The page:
What’s Cloze Reading Strategy?
The cloze reading strategy is when you have a paragraph and take out key words you want students to learn. This is a great way for learners to establish context with fill in the blank activities. Rather than doing fill in the blank in isolation.
Examples of a cloze reading
In the photo above, you see an example cloze reading of a conversation in Spanish. Prior to giving my students this cloze reading activity we did a lot of practice with the vocabulary. However, if this is too difficult for my students we will work on it as a whole group. I’ll discuss ways to search for context clues when reading in a foreign language and ways to utilize their inference skills.
Cloze reading benefits
There are myriad benefits of cloze reading.
- Providing context when doing assessments
- Using context clues to improve comprehension
- Practice inferencing skills
- Assessing language skills for language learners
Should I provide a word bank?
In most cases, I would provide students with a word bank. Perhaps if students are gifted they might like the challenge of not having a word bank.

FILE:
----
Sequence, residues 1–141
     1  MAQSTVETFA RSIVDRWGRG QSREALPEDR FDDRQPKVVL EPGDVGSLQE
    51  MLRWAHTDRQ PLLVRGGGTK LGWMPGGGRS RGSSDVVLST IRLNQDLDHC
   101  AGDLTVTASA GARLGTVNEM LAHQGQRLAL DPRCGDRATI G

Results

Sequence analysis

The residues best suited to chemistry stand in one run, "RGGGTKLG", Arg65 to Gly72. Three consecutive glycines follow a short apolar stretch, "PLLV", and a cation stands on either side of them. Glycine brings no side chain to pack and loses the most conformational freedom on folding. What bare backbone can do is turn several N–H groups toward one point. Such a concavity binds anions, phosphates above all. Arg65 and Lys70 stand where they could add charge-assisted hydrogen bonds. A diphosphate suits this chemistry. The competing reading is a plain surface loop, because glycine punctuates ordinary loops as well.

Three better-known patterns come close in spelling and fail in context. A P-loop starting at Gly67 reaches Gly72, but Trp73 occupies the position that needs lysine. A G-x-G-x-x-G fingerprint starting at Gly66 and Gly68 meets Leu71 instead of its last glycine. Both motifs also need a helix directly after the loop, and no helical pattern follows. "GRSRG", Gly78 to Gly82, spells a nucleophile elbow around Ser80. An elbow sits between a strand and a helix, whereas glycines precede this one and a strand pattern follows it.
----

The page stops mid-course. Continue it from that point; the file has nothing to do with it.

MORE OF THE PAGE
Which words should I omit in the cloze passage?
Be mindful when choosing which words to omit in a cloze reading passage. I typically omit words that are part of the unit vocabulary, phrases or expressions, and/or grammar. I make it challenging, but there is always a context clue or a way for them to infer what word goes in the blank space.
Creating a cloze reading passage
To create your first cloze reading passage you could use a passage from something you’ve read in class before or create something based on the unit you’re studying. The passage shouldn’t be longer than the student’s grade level. If they’re in 7th grade, have no more than 7 sentences. This is true for dictation, too. You could also omit 7 words if they’re in 7th grade, but be mindful of your classes abilities. If they are struggling learners, perhaps omit 4 to 5 words.
Want more lesson ideas?
Grab my template for Spanish lessons here. I provide 20 ideas for whole group, small group and independent practice along with a template for writing your lessons